EDITOR'S LETTERMerryn Somerset Webb
Osborne squeezes landlords
Lessons from the Autumn Statement, chancellor George Osborne’s mini-Budget.
One: it is impossible for anyone attempting to run the public finances of a modern welfare state to cut spending. The entitlement culture runs deep and wide – witness the furore over the suggested cuts to tax credits (which allow families working a mere 24 hours a week to end up with an equivalent gross income of £50,000 – see my blog) and Osborne’s climbdown. So every cut or potential cut is met with ferocious protest, expensive lobbying and ludicrous demands for ring-fencing.
That’s why spending is still rising in absolute terms. It’s why the debt-to-GDP ratio will still be over 70%, even in 2021. And it’s why (according to the Office for Budget Responsibility) the cuts announced so far are only “around two-thirds” the level pencilled in last March. The government is now even going to miss its own welfare cap targets for at least the next three years. It is horribly feeble stuff.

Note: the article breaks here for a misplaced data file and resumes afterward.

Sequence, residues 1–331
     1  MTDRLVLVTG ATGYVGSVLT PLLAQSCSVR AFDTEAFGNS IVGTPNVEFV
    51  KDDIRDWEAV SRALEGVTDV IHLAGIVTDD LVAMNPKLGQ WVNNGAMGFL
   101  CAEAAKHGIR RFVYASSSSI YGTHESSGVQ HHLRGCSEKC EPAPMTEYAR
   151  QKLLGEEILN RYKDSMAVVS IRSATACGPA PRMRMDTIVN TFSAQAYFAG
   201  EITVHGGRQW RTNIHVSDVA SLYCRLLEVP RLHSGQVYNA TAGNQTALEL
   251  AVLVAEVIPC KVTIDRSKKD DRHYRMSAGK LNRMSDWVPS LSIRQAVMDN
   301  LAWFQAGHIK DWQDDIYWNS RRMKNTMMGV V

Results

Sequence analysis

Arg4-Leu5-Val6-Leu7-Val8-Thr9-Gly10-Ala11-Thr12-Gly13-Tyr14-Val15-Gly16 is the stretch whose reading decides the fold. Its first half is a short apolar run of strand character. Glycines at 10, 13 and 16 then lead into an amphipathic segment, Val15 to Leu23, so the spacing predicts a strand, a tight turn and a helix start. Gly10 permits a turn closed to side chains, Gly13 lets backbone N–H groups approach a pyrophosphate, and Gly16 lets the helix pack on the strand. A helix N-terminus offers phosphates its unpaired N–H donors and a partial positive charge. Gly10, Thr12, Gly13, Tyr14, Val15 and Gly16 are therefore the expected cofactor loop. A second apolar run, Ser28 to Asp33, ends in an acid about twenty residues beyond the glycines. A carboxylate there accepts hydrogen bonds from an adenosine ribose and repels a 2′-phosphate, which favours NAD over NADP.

Two: that means that every penny of tax it can collect matters. HMRC is getting an extra £800m to spend on hounding people; there are to be two new criminal offences for tax evasion; and everything from offshore accounts to Deeds of Variation (which allow for the beneficiary of a will to be changed) will be more carefully “scrutinised” than ever before.
Three: being a pensioner today isn’t bad. Osborne is keen to let everyone know that he is providing “unprecedented support” for pensioners. And he is: the state pension has just seen its largest real-terms (after-inflation) rise for 15 years (see lesson one for why this is – pensioners are powerful lobbyists).
Four: Osborne has really had it with the housing bubble. He clearly wants prices to – at the very least – stop rising.
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